Emmanuel jokes that he needs to turn his guitar up when he plays with Grisman. “David’s mandolin, we call it the Crusher it’s so loud,” he says. “If you sit close to him, you can’t hear anything you’re playing. He will drown out anything,” he adds, laughing.

Grisman, 72, credits another Australian, a mandolin builder with giving the instrument, one of the first Gibson F-5 models built in 1922, its nickname.

He most famously played on The Grateful Dead’s classic, “American Beauty,” and joined Rowan, Vassar Clements, Jerry Garcia and John Kahn to form the bluegrass group, Old and in the Way. So his pairing with Emmanuel is another in a long line of them.

“Music is a wonderful team sport with great potential for give and take, especially in a duo setting such as this,” Grisman explains.

While Grisman’s heralded career dates to the Sixties, Emmanuel started playing guitar at four and toured Australia with his family living out of station wagons until he was 10. After his father died, his family abandoned the road. At 15, he left school and headed to the city to make his way, listening to everything from Chet Atkins and Jerry Reed to Neil Diamond and Carole King to Merle Haggard and Buck Owens before diving into the jazz of Ella Fitzgerald, Sarah Vaughan, and Frank Sinatra.

Over time, Emmanuel became friends with his idol, Chet Atkins, the longtime country star whose musical lineage goes back to the Carter Family and forward to playing with Mark Knopfler of Dire Straits. Emmanuel signs CGP after his name. In 1999, Atkins presented Emmanuel with a Certified Guitar Player Award, one he gave to only four guitarists.
“He was like a daddy to me,” Emmanuel says. “A great man.”

Emmanuel says an album released the year before Atkins died in 2001 is the one that turned his career around. Called “Only,” it was his first acoustic disc.

“I think that album was the watershed album,” he says. “That was the album that turned people on to me and my writing and playing. It’s all original songs, everything done in one take. It was an honest album and I think that’s what people liked.”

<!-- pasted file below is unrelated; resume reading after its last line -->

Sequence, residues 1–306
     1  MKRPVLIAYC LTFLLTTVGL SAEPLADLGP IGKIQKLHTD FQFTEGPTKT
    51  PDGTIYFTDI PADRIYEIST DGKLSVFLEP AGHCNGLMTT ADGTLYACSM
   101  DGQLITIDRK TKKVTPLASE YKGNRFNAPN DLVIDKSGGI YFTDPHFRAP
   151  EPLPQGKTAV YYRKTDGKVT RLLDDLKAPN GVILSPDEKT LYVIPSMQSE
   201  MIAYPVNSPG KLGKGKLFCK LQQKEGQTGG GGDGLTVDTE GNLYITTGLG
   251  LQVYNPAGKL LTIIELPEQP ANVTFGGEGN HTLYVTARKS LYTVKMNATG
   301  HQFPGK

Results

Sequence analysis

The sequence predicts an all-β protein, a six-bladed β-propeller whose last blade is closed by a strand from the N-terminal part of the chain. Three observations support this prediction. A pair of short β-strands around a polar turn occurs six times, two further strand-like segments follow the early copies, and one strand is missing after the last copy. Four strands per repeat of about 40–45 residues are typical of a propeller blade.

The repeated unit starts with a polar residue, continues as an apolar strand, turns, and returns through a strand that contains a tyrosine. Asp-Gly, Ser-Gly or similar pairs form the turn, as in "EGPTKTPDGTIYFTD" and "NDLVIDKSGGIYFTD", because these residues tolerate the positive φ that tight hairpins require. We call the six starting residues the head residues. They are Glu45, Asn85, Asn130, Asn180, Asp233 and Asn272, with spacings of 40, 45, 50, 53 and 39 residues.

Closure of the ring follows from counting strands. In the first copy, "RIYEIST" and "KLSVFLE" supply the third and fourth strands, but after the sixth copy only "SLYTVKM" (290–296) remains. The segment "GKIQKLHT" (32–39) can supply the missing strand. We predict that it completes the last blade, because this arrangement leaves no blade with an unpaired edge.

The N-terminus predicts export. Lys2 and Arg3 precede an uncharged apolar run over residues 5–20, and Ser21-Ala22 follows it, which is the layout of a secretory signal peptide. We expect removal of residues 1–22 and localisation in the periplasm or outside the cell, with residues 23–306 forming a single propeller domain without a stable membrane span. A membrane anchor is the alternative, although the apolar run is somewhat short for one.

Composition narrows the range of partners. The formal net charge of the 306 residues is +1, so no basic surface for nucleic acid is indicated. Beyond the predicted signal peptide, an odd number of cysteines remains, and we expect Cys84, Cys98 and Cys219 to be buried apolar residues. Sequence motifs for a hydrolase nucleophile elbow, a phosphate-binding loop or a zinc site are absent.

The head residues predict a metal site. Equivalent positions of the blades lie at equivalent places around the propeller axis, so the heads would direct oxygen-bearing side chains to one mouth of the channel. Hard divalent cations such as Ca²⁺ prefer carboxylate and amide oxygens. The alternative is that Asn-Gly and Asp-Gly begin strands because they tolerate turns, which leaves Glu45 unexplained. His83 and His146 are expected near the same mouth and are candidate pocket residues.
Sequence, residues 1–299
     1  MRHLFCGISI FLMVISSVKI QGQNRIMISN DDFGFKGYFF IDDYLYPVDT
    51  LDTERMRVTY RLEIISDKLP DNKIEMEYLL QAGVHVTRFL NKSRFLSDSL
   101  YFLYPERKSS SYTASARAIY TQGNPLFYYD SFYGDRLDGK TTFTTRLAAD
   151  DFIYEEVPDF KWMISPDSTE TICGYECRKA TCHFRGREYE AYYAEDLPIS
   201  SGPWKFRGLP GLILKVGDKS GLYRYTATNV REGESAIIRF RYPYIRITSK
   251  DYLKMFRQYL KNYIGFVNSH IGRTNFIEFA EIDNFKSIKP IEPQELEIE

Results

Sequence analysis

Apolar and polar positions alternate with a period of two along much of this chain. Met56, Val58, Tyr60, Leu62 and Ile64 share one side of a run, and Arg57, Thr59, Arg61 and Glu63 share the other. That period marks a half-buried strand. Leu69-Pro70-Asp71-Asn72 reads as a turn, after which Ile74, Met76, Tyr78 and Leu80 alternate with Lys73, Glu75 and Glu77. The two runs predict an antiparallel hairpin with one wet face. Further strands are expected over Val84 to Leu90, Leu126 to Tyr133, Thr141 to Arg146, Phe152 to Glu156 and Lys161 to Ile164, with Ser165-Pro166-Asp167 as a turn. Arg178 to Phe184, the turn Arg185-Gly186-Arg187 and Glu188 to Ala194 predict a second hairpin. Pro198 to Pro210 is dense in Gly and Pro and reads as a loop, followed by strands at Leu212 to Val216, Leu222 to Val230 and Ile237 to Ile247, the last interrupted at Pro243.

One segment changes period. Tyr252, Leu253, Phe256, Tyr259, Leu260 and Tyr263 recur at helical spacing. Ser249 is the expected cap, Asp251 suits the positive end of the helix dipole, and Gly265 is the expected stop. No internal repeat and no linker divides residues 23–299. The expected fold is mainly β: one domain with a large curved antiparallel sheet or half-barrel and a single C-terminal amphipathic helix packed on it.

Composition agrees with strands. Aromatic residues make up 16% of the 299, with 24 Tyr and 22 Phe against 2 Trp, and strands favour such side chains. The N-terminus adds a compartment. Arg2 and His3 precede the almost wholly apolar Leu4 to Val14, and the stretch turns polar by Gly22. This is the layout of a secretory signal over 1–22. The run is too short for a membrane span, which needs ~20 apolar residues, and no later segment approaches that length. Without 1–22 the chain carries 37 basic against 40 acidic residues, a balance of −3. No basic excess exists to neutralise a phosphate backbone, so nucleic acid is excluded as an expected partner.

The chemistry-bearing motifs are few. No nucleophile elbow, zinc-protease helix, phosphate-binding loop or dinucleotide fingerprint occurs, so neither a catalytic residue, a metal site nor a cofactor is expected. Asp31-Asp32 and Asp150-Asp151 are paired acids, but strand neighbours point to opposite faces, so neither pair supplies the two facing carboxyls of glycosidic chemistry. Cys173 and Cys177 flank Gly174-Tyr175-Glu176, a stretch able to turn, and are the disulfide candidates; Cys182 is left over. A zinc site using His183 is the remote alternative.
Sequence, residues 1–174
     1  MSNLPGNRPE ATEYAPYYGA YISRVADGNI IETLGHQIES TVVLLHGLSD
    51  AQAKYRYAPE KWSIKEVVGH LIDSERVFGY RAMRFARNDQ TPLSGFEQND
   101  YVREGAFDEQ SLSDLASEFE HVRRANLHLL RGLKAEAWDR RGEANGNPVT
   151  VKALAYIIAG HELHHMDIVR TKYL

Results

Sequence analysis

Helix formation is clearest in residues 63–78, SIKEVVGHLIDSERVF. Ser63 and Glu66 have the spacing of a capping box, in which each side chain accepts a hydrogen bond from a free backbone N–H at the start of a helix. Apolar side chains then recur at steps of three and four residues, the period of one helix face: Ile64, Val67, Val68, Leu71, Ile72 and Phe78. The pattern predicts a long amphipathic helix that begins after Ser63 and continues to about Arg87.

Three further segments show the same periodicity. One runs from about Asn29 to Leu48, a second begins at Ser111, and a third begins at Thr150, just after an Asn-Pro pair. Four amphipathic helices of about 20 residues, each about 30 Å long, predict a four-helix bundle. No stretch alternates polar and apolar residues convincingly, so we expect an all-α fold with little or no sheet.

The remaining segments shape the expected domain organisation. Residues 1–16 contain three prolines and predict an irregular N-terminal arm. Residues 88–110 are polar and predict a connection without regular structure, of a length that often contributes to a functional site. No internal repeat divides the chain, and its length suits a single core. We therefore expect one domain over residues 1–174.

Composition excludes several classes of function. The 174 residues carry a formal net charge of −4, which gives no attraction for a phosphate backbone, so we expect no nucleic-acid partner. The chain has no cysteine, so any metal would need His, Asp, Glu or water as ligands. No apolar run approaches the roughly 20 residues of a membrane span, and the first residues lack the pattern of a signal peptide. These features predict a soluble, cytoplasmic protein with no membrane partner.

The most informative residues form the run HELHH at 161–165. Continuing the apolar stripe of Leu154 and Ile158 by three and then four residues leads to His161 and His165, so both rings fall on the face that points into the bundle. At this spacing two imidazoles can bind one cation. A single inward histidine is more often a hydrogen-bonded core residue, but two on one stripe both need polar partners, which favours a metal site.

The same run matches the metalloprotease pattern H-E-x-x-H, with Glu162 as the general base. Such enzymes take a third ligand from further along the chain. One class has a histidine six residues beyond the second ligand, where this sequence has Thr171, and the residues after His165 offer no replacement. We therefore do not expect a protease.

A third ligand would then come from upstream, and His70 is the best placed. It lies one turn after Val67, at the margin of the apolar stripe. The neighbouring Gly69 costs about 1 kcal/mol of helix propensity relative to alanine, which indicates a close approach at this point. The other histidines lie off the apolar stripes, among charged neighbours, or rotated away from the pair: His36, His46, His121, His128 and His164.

His forthcoming album features duets and some singing. He’s working with Jason Isbell, Ricky Skaggs, Rodney Crowell and Mark Knopfler, among others. He will tour with Crowell starting in February.

While Emmanuel’s songs have no words, he says he hears words when he’s writing them. “What I’m trying to say really is I don’t write as if I’m just writing something to play on the instrument. There’s a greater purpose,” Emmanuel says. “I’m trying to tell a story and write a song that gets inside your head that gets into your soul. I often hear words when I’m writing melody. But I’m telling a story without words. “

He will sacrifice perfection for feeling. “Being in the moment and playing what you really feel at the moment, that, to me, is being the real musician,” he adds. “Sometimes the best idea I get I can’t remember ten minutes later. It’s gone. “

That magic of the moment, here and then gone forever, is what he looks to unveil onstage. “When I’m playing a song where I improvise solos, I’m always waiting for the magic to appear. I’m digging for it, looking for that gold nugget. Sometimes I hit it with my spade and I know what it is. Other times, I’m digging around and all I find is dirt,” he says, laughing.